Another object of this invention is to provide an aqueous based magnetic ink, by dispersing the so-coated Fe3 O4 into exclusively non-ionic surfactants, giving a non-ionic ink, in which particles have no net electrical charge.

A further object of this invention is to form a magnetic ink in which the so coated Fe3 O4 is dispersed in an anionic surfactant yielding an anionic ink, in which the particles have a net negative charge.

Another object is to form a magnetic ink by dispersing the so-coated Fe3 O4 in a mixture of cationic and non-anionic surfactants.

DETAILED DESCRIPTION OF THE INVENTION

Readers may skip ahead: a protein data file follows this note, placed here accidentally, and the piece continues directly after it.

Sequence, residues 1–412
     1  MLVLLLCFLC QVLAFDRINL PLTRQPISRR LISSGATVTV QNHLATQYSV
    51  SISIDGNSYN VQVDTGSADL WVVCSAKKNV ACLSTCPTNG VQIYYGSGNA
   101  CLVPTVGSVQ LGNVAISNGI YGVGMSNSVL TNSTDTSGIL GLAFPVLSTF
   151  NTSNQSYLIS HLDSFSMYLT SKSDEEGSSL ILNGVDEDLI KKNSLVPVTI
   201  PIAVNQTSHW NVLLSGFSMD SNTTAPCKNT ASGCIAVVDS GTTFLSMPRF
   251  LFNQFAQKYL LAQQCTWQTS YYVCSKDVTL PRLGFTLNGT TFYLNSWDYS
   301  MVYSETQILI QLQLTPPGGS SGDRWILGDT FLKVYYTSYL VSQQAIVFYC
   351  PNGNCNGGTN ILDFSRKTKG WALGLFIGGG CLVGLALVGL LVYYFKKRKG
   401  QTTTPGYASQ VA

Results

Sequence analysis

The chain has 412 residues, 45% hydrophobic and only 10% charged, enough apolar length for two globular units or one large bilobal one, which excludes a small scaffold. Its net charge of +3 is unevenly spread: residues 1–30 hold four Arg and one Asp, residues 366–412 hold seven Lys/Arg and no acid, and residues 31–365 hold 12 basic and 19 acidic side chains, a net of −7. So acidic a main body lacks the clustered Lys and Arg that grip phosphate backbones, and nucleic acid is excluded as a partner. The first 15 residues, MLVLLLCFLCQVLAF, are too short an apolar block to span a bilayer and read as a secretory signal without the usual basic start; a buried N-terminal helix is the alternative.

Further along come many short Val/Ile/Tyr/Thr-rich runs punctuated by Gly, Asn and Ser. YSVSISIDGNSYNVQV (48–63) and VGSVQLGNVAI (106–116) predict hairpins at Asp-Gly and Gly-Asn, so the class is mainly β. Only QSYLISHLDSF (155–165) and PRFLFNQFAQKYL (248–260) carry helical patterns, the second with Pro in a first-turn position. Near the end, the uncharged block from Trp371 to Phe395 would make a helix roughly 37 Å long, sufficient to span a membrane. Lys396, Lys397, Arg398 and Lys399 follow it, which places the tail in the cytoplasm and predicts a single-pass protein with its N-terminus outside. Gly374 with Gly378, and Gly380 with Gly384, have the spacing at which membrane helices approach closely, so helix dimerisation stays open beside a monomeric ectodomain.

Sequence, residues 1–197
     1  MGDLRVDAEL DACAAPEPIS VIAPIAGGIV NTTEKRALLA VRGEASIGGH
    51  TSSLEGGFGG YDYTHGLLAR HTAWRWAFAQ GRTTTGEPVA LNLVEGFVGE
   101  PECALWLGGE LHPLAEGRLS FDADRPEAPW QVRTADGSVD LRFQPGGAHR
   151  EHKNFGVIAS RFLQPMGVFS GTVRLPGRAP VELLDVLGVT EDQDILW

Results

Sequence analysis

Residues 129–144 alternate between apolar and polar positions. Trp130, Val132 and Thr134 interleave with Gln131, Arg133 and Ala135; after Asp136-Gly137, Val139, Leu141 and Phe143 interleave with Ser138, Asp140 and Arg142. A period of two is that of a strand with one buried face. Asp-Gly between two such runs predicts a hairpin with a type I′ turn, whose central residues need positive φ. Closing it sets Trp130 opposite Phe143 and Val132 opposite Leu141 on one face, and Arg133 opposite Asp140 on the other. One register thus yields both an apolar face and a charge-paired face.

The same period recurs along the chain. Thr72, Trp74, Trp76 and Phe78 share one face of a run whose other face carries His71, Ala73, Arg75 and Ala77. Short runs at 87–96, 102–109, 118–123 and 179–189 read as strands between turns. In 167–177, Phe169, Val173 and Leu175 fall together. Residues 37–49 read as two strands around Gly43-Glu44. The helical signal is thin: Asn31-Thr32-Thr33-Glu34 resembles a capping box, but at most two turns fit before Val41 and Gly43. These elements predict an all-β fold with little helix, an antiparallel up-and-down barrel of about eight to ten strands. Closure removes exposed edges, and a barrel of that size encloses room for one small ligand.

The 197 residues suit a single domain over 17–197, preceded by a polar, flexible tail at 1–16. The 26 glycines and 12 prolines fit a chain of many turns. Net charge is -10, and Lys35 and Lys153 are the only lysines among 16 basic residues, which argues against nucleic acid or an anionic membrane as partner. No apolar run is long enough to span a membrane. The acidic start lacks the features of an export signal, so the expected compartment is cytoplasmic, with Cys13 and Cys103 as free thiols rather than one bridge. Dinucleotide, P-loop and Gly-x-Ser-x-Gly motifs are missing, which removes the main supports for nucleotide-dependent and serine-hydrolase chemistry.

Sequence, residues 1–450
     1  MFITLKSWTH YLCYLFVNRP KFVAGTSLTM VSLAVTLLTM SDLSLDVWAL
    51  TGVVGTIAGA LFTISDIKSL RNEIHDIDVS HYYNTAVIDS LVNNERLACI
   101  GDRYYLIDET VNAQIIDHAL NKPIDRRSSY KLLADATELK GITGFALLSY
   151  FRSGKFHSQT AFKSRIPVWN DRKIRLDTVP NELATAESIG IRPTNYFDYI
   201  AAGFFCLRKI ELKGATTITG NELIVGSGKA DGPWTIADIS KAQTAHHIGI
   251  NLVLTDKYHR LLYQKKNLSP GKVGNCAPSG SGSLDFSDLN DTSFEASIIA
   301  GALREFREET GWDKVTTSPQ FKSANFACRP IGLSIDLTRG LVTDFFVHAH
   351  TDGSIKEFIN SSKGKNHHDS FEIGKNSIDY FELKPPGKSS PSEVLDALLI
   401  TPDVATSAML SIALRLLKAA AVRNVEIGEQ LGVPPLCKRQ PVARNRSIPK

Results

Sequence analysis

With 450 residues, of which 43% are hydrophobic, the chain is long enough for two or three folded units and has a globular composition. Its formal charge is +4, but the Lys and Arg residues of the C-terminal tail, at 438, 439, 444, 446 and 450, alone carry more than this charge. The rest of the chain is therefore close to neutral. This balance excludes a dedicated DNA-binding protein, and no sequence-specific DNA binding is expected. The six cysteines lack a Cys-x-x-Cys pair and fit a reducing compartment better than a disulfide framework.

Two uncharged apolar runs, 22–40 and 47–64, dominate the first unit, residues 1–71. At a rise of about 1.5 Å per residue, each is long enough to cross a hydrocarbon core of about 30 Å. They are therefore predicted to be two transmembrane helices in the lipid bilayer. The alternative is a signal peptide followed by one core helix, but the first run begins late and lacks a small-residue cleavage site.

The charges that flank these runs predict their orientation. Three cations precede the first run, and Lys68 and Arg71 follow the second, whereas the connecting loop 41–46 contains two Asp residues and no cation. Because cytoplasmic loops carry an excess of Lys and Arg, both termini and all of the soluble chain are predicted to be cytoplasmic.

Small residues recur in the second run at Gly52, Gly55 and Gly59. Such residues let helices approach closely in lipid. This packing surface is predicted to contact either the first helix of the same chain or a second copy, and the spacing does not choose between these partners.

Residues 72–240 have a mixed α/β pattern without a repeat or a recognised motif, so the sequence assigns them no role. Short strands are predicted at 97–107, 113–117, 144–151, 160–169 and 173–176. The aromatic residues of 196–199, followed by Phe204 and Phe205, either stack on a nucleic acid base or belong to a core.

In accordance with the present invention, finely divided magnetic particles are synthesized by chemical means and rendered dispersible into a colloidal water based vehicle system.

One general process for chemical synthesization involves forming separate aqueous solutions of ferrous chloride and ferric chloride. The solutions are mixed to maintain a molar ratio of Fe+3 /Fe+2 slightly under 2.0. Magnetite (Fe3 O4) can be formed by chemical precipitation of the ferrous/ferric mixture with a base such as ammonium hydroxide. In order to form a high rate of magnetite nucleation with a base such as ammonium hydroxide, growth temperatures of 5 C to 30 C at a pH of about 9.5 is used.